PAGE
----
As more and more kids get tested for COVID-19, parents are faced with yet another pandemic-specific challenge: getting a child to sit still while a doctor sticks a very long cotton swab into their nostril. To be fair, even grown-ups are less than thrilled at the prospect — so you can't expect kids to be especially cooperative on this one. That's why Romper asked moms who've been through it for their tips on
how to prep your kid for the coronavirus test. Armed with this advice, you can make the whole experience a whole lot easier on the both of you.
First, here's what generally happens during a coronavirus test. "The standard test is a short procedure that entails putting an extended Q-tip deep into the nose,"
Dr. William Haseltine, Chair of the US-China Health Summit and COVID-19 expert, tells Romper in an email. "The head must be tilted back, nose up, and the swab goes very deep into the very back of the nose which is itchy and somewhat irritating. The nose extends back behind the eyes and is much longer than people realize. It is not painful, but it’s an unexpected and unusual feeling." The test only takes a few moments, thankfully.
To help alleviate testing nervousness, Dr. Hasletine recommends talking about the procedure beforehand (in kid-friendly terms). "You can explain that this is going to be a procedure where a nurse who will be all dressed up and wearing a mask will take a soft piece of cotton and remove some boogers from the nose and it’s important that they sit very still with your head tilted back," says Dr. Hasletine. You can even show pics or videos of people getting the test done (For instance,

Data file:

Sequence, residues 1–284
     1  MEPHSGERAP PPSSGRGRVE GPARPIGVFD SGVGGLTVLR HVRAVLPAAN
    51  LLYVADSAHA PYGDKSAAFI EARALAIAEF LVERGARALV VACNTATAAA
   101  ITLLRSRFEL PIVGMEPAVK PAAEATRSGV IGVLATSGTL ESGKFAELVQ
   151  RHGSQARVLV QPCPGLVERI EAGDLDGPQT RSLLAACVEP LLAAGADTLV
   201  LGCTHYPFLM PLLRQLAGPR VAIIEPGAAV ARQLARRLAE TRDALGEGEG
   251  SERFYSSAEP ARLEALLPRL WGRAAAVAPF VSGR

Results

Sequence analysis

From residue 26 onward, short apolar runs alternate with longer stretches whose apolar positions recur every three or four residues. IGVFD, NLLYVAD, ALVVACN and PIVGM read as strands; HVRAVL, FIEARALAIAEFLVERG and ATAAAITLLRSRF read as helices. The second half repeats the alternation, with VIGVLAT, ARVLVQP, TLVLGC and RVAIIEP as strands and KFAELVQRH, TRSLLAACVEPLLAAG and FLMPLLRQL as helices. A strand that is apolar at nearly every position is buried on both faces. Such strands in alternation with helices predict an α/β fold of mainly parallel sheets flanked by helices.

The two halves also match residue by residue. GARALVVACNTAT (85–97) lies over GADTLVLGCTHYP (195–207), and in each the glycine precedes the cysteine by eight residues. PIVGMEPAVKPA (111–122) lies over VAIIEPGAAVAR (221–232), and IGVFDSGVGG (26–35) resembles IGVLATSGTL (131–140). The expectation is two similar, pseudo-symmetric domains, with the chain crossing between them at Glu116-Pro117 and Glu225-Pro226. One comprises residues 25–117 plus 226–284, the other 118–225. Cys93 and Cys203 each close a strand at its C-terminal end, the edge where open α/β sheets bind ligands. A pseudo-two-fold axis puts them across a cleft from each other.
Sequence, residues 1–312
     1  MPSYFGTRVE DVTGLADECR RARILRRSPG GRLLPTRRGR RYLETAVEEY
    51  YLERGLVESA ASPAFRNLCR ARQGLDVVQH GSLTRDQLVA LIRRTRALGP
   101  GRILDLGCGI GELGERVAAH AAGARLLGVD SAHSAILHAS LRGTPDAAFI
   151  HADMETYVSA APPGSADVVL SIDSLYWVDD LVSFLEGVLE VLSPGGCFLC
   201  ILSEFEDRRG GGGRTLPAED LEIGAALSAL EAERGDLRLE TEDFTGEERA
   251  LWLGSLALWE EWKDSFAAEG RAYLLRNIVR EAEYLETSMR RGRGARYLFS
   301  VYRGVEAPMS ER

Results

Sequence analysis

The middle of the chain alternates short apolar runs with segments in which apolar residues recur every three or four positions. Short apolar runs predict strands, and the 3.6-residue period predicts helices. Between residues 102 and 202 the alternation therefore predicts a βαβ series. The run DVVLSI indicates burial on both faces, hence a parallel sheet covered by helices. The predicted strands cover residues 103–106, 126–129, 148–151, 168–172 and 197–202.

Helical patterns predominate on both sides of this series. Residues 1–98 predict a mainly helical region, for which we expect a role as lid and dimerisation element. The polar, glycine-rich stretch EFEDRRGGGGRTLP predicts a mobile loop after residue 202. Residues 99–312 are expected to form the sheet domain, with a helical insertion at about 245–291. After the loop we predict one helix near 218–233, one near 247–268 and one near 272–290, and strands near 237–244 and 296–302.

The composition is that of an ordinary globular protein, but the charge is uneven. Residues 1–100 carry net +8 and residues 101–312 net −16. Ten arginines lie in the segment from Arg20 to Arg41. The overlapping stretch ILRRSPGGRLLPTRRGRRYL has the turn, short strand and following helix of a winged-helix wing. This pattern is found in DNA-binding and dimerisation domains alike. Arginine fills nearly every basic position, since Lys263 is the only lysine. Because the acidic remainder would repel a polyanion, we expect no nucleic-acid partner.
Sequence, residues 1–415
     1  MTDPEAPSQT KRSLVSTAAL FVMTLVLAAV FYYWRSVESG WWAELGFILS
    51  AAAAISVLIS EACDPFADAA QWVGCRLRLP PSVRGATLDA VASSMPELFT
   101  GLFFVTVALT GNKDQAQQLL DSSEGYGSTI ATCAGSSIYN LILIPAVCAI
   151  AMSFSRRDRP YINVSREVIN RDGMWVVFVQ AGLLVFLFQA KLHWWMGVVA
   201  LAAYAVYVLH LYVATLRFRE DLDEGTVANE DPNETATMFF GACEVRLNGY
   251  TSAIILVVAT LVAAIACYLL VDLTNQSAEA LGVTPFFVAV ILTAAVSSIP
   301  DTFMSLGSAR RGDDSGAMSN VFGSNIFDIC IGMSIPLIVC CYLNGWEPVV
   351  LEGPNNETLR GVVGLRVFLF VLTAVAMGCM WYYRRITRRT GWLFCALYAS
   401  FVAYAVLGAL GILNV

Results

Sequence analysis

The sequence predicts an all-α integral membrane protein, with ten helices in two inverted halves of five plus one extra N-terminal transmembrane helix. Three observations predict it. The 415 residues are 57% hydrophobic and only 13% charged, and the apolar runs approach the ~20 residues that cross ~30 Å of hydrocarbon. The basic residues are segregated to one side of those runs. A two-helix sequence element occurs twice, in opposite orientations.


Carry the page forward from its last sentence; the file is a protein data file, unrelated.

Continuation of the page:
Chrissy Teigen laughed through her coronavirus test, claiming that it tickled.) Your kid probably won't get the giggles — but with the help of these tips, hopefully they won't shed any tears, either. Images By Tang Ming Tung/DigitalVision/Getty Images
You don't have to go into
all the details beforehand. "I knew that the nasal swab would be extremely uncomfortable. I also knew we were likely going to wait 45 minutes or so to get the test done," mom Ellen Decareau tells Romper in an email. "So, I did what my survival instinct told me to do — I feigned ignorance regarding everything about the test, telling my 6-year-old, 'I'm not sure, let's ask the doctor that question.'" It could make the whole waiting process a little less scary for your kiddo.
Tell Your Kid To Puff Their Cheeks Out
Making a silly face could actually help the test to go a little more smoothly. "A nurse told my daughter that if she puffed out her cheeks while getting the swab test, it would be more comfortable," mom Mary Coyne, Vice President of
AscentHealth Consulting, tells Romper. "My daughter and my sister have tried this while getting a Covid-19 test, and they say it really does help... I guess puffing out your cheeks helps to open the nasal passage." Plus, your kid gets to focus on something other than the test for a moment.
Sometimes bribery is totally the solution, says Decareau. "I also (unproudly) promised her a gift for her bravery and patience," she says. "I knew she'd request a 'squishy' and that her mind would be occupied by thoughts of which cute, pillow-y toy she should get. It worked." Whether your kid wants a squishy or a LEGO set, the promise of a new toy can sometimes work wonders.
Stress the fact that the test is over quickly. "Talk to your child about the fact that it does hurt, but that it is only 5 seconds. Then count to five a few times so they know how long that is," mom Sarah Farmer tells Romper. Focusing on the countdown itself may be calming to your kid. As it turns out,
counting is a simple way to ward off anxiety for many people, according to Healthline. Your kid can focus on the numbers instead of the test.
Explain the test in terms that are appropriate for your kid. "My child is special needs and really didn’t understand why we had to do the test, so I tried to explain that it was to protect her and that lots of other kids are being very brave and getting it done," says Farmer.
Explaining the coronavirus to kids can be tough, but provide as much context as you can for your own child.